And that’s kind of the sticking point about this move for me. As I talked about in my recap of the Montero-Pineda swap, I was fine with the concept of trading pitching for hitting in order to take advantage of the deflated market for free agent starters right now. Spending the remaining money in the budget to upgrade the offense wasn’t going to be easy, but with guys like Edwin Jackson sitting around hoping someone shows some interest in him eventually, using that cash to replace Pineda with a quality starting pitcher wouldn’t be too terribly hard.
The Mariners could theoretically still make a run at a guy like Jackson, but this signing makes that a lot less likely, I’d imagine. My guess is that the team will be content to go to spring training with a projected starting rotation of Felix-Vargas-Iwakuma-Millwood and then one of the young pitchers (with Noesi probably having a leg up at the moment), with the losers of the Beavan/Furbush/Noesi battle headed to the bullpen. They wouldn’t have signed Millwood had they intended to just displace him with another free agent starter, and I don’t see the team being overly motivated to completely shut off the collection of young arms from competition in spring training.
So, the question once again comes back to “now what?” Assuming Millwood gets $1 or $2 million in salary if he makes the team, the organization has a currently projected payroll in the low-$80 million range right now. That’s a good $10-$15 million below what they’ve been running in prior years, and I can’t see the team actually deciding to slash payroll this winter, especially with so many fans having hyped themselves up into hoping the team gets Prince Fielder. It’s just tough to imagine that they would have publicly displayed any interest in Fielder if Plan B was just going to be to spend no money whatsoever and fill out the roster with a bunch of low cost guys that the average fan has never heard of.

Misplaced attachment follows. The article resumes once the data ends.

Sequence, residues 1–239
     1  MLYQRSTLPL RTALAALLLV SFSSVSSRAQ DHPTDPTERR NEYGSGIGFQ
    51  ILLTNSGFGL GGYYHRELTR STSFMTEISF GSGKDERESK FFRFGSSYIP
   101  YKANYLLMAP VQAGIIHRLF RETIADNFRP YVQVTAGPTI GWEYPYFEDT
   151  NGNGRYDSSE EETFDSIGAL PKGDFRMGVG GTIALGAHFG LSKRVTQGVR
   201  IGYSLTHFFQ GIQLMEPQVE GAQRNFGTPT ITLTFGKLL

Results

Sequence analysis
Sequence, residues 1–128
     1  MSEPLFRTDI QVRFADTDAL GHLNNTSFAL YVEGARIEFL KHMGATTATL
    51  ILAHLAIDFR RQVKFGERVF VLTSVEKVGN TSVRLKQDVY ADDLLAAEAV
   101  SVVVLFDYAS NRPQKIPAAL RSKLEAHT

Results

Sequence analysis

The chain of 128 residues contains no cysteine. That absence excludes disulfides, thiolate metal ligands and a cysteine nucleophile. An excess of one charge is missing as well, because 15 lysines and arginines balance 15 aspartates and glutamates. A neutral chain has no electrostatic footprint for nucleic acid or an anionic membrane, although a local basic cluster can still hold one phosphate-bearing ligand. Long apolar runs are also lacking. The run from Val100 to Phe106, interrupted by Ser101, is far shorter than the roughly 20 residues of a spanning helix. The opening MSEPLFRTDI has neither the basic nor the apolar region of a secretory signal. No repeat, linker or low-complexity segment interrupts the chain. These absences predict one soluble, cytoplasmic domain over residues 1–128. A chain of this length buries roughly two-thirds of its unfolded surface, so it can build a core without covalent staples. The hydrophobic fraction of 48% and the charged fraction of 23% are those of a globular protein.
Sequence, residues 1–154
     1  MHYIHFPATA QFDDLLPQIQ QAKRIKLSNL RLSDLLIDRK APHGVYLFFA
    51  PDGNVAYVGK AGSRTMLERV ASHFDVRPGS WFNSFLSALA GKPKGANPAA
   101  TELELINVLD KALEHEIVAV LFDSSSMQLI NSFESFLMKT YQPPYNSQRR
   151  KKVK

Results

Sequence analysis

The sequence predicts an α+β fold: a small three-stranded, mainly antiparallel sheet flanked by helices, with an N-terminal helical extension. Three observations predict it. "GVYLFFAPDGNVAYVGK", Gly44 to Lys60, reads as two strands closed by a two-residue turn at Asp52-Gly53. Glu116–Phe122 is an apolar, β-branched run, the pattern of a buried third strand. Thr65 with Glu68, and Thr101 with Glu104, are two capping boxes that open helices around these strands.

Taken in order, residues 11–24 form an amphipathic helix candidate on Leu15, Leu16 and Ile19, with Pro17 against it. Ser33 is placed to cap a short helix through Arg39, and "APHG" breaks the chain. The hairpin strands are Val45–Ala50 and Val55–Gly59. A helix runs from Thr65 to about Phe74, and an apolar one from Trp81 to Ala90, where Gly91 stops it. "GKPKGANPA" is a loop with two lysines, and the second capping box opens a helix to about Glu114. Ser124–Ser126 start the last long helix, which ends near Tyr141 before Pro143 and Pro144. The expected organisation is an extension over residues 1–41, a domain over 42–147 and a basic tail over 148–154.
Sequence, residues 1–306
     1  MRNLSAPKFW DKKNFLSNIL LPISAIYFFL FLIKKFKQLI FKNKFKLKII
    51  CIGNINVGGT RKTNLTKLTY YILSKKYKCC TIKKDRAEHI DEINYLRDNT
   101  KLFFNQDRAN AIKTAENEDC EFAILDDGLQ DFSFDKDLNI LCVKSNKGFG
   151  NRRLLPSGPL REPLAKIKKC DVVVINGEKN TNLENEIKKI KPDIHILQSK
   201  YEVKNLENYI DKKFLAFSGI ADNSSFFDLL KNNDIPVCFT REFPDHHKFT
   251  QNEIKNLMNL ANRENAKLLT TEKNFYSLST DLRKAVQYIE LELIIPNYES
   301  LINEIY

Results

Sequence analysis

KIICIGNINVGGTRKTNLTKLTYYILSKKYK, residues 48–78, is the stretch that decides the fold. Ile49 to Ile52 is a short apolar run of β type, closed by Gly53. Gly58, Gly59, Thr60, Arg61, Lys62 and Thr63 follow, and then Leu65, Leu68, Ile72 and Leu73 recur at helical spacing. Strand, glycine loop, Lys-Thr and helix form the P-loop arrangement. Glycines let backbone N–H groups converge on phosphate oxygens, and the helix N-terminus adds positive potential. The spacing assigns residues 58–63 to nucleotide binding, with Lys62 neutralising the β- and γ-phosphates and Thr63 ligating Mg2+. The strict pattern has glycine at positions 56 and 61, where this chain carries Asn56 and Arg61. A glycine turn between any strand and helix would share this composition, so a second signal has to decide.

So, if we assume that this move means that they’re not going to pursue a guy like Jackson to upgrade the rotation, then it’s not exactly clear what else the team would do to upgrade the roster before spring training begins. They don’t really have a roster spot for another LF/DH type, so the only way to fit another bat onto the team would be to jettison Miguel Olivo and go with Jaso/Montero as the catching platoon, and I find it hard to believe the Mariners are really ready to make that kind of commitment.
So, when the question is “now what?”, I don’t really know what the answer is. They theoretically still have money to spend, but they’re running out of roster spots to hand out to guys who would represent a substantial upgrade of any kind. At this point, the only thing I can see the team still doing is swapping out Chone Figgins for a better third baseman (such as Mark Reynolds), because beyond that, any other upgrades might have to come from some kind of rabbit-out-of-the-hat trade that none of us see coming.
Like with every other move they’ve made this off-season, Millwood’s a nice role player at a good price. These guys make sense and give the roster needed depth, but I can’t imagine that the team is really going to say that they’re good with all of their transactions representing that kind of move. Even while I’ve advocated for a spread-the-money around plan in lieu of throwing a huge contract at Prince Fielder, I’ve advocated for acquisitions that would offer the hope of bringing in players who could be everyday guys both now and in the future.
Millwood is not that. Sherrill is not that. Iwakuma and Jaso might be, but both come with significant question marks. Montero can be that, but he cost the team a similarly useful piece in order to get him, so that was more of a lateral move than an upgrade. Noesi could be that, except signing Millwood now makes it somewhat less likely that he’ll make the team as a starter on Opening Day.
Jack Z has done a nice job of acquiring players who should help ensure that the team won’t suck as badly as they did last year, but he hasn’t really done anything yet this winter that pushes the organizational talent base forward in a substantial way. Given that the Mariners should still have some money to spend, they shouldn’t be content to call Millwood the final off-season acquisition and just go to camp with the roster they have now. They can and should do better. There’s nothing wrong with signing Kevin Millwood, but this can’t be the last move. There still has to be something else. And now that the something else probably isn’t another starting pitcher, I’m just not sure what other options the team has left.
Time to pull off another move that no one saw coming, Jack, because right now, this team isn’t going to win back enough fans to make the 2012 season a success.